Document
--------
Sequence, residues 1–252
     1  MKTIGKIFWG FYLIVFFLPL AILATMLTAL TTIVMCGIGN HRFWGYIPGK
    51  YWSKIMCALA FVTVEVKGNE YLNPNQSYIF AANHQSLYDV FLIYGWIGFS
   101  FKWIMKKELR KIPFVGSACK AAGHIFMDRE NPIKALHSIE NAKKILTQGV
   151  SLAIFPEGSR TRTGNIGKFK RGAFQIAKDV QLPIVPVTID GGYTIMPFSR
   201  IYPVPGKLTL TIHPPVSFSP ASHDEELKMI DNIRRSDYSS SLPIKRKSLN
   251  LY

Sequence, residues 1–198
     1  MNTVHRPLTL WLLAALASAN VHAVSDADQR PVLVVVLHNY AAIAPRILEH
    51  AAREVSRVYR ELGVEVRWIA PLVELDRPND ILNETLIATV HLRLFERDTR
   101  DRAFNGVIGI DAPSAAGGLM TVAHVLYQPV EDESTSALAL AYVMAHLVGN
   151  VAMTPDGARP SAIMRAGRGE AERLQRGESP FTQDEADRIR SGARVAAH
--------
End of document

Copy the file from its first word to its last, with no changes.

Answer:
Sequence, residues 1–252
     1  MKTIGKIFWG FYLIVFFLPL AILATMLTAL TTIVMCGIGN HRFWGYIPGK
    51  YWSKIMCALA FVTVEVKGNE YLNPNQSYIF AANHQSLYDV FLIYGWIGFS
   101  FKWIMKKELR KIPFVGSACK AAGHIFMDRE NPIKALHSIE NAKKILTQGV
   151  SLAIFPEGSR TRTGNIGKFK RGAFQIAKDV QLPIVPVTID GGYTIMPFSR
   201  IYPVPGKLTL TIHPPVSFSP ASHDEELKMI DNIRRSDYSS SLPIKRKSLN
   251  LY

Sequence, residues 1–198
     1  MNTVHRPLTL WLLAALASAN VHAVSDADQR PVLVVVLHNY AAIAPRILEH
    51  AAREVSRVYR ELGVEVRWIA PLVELDRPND ILNETLIATV HLRLFERDTR
   101  DRAFNGVIGI DAPSAAGGLM TVAHVLYQPV EDESTSALAL AYVMAHLVGN
   151  VAMTPDGARP SAIMRAGRGE AERLQRGESP FTQDEADRIR SGARVAAH